I have been using the Macintosh computer off and on since 1989. On Friday, I'll share some tips and tricks using the computer and various accessories. All reviews and tips are my own.
I have been using the Macintosh computer off and on since 1989. On Friday, I'll share some tips and tricks using the computer and various accessories. All reviews and tips are my own.
A list of all the Blog Posts in this category.
Whenever I email a picture that I have on my desktop I like to resize it. There's no reason to email a 4,032 x 3,024 picture.
In the past, I would open up the photo in a photo utility, such as Picturesque, downsize the image and save it.
Way too time consuming.
LaunchBar has several resize options, 33%, 50%, 66%, 75%.
Simple steps to resize images in Launcher
Example, a typical iPhone picture is 4032 x 3024 (1.8 MB). Reduced to 33% will yield it to 1344 x 1008 (229 KB) which is reasonable enough to send in an email.
This is just a quick way to resize an image without having to open up an app.
Meet the world's first photo editor that adapts to your style & skill level. Luminar is the supercharged photo software that makes complex editing easy & enjoyable. And it is as responsive and beautiful as your Mac.
Luminar is a great application when you want to touch up photos. If you need to touch up and enhance photos, Luminar is certainly the app that will make it easy.
The nice thing about Luminar is that there are a lot of built-in Presets to make it easier to get the photo to look exactly the way that you want it to. Macphun says, "Luminar presets are your secret weapon to instantly fantastic photos. You can get a new look in a single click, or use presets as a starting point for your own creative explorations."
Luminar comes with Presets in six different categories: Basic, Outdoor, Street, Portrait, Travel and Dramatic. In each of the categories, you have a bunch of custom settings to enhance your photos. For example, the Basic set has 13 filters. Luminar website has a few more that your can download or purchase.
Presets Preview functionality is a nice feature that Luminar brings to the table. Before using any of the Presets, you get a "sneak" thumbnail peak of what the effect will have on the image that your working with.
Along with the Presets are various tools to help touch up the images. The Denoise Tool is a really cool way to clean up a photo that may have some noise. When you use this tool, you get a nice before/after slider so you can see what a difference the tool makes.
The Eraser tool seems to do a great job of removing some unwanted object in a couple of pictures that I tested. It works very similar to functionality found in Pixelmator and Affinity Photo.
Luminar has a Batch capability mode, which isn't available during the trial period. This would be perfect when you have a bunch of iPhone photos taken in the same situation, and putting together a collage. This is actually a pretty cool time-saving feature to have.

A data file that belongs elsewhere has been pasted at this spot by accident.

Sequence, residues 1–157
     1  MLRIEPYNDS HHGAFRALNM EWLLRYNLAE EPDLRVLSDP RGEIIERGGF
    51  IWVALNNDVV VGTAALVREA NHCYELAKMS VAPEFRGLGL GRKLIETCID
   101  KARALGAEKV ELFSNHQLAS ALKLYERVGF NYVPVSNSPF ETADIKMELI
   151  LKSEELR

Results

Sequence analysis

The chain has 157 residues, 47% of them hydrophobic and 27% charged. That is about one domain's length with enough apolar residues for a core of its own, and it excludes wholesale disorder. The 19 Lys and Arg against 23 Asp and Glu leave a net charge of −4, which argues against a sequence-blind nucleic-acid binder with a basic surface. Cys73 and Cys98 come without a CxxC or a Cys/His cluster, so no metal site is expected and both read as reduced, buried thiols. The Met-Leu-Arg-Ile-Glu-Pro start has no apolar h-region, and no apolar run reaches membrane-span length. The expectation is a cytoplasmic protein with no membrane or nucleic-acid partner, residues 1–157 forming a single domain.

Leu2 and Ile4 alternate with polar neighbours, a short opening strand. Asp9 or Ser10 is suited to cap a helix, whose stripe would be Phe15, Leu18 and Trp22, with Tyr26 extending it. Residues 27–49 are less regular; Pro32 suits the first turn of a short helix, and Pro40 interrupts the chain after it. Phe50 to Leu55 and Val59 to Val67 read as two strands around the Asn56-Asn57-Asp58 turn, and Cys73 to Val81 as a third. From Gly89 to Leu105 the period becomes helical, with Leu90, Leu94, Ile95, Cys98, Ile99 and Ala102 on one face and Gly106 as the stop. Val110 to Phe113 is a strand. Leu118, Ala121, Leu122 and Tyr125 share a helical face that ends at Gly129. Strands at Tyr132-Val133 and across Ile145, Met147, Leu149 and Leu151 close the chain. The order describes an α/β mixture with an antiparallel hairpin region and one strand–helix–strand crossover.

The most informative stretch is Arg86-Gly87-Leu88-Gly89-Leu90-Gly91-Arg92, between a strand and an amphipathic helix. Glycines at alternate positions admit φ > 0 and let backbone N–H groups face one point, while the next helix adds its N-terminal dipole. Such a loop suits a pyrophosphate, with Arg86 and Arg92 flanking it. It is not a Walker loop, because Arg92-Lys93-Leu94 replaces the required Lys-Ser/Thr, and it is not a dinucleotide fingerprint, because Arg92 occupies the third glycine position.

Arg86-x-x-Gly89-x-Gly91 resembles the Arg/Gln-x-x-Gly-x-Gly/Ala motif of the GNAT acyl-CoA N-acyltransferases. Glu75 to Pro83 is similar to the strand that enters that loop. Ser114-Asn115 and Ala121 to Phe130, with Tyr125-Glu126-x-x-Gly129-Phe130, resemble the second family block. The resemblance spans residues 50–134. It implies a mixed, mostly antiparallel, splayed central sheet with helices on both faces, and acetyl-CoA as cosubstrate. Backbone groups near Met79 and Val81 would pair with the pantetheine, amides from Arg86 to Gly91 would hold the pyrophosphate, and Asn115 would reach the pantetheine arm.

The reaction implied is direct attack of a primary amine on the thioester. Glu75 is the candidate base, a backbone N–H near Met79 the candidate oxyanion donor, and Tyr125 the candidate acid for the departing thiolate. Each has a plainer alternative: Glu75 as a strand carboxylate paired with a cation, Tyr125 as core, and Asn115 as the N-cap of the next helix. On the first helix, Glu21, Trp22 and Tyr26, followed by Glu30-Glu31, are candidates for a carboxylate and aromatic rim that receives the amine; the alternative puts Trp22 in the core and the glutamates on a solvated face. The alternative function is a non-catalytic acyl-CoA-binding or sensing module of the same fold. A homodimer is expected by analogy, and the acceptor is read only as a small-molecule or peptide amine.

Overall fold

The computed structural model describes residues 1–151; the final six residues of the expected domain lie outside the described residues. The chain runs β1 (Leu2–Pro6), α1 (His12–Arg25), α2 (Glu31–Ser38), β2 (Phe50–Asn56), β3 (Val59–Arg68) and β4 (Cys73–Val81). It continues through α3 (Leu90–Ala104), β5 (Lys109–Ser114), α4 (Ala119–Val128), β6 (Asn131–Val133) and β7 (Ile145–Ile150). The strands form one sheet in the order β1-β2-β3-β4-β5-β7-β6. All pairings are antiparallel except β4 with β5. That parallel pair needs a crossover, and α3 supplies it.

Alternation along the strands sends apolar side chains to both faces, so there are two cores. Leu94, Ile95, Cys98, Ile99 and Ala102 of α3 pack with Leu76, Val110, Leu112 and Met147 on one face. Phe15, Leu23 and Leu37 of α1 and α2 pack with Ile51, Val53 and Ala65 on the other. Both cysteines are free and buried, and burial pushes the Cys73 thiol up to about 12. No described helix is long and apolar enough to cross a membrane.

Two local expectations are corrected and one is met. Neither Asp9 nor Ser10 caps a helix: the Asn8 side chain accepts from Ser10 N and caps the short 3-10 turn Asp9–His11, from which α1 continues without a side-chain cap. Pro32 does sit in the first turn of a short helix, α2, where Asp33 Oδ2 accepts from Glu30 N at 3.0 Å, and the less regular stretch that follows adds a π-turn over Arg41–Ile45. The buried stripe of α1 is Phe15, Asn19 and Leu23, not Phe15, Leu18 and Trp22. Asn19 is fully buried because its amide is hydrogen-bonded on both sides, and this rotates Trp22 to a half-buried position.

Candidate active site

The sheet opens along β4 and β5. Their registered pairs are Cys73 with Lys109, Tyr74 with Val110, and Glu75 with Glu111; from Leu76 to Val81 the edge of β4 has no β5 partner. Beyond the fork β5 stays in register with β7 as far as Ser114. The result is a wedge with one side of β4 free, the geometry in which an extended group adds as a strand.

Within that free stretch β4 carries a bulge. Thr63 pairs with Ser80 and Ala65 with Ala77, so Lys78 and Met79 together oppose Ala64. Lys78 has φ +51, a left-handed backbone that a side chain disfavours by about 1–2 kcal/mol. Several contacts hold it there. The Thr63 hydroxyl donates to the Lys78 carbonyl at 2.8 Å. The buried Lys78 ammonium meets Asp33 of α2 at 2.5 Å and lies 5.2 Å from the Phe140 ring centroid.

There is some missing functionality that's hard for me to justify buying Luminar. There is no Text or Shape tool and there are not a lot of options on brush sizes for masking.
In addition, I found it hard to apply specific effects that I may want. For example in my test, I wanted to apply a blur effect to a certain part of the image and I couldn't figure a way to do that.
I think Luminar would be great for someone that doesn't want to play around with post-production filter settings. If you just want to quickly touch up a photo to enhance it more, than Luminar might be the application you need.
You can download a trial from MacPhun's website, and if you like it, it's only $69 which includes a 1 month membership to KelbyOne. It's the best photography education platform. (Monthly membership to KelbyOne is $19.99)
If you do any website development, you should consider installing Firefox Developer Edition. It's a very powerful browser that is "Built for those who build the Web."
You may be used to other Developer tools in other browsers. However, FireFox Developer Edition is the only browser to help Developers and QA debug code better than anyone.
AppleScript was briefly removed from Firefox. You'll be happy to know that it's back! (Ok, It's been back for a while, I just noticed it now.)
Here's an example code to search Google using the contents of your clipboard:
I have this setup as one of my mouse buttons. You can assign AppleScripts to mouse buttons via USB Overdrive. I can now quickly search google with the #5 mouse button.
If you don't like AppleScript, you can always use BASH and perform the some actions. (I wasn't able to figure out the search query)
Opens a new website in Private Mode:
/Applications/FirefoxDeveloperEdition.app/Contents/MacOS/firefox -private-window http://www.cryan.com
Opens a URL in a separate tab:
/Applications/FirefoxDeveloperEdition.app/Contents/MacOS/firefox -new-tab http://www.cryan.com
Opens Firefox in safe mode, useful if you having problems with firefox. (Also useful to test a site with no plugins enabled)
This isn't limited to the Developer version of Firefox. If you are using the standard Firefox version, replace FirefoxDeveloperEdition.app with Firefox.app.
You can learn all about the various command line options on Mozilla's developers website.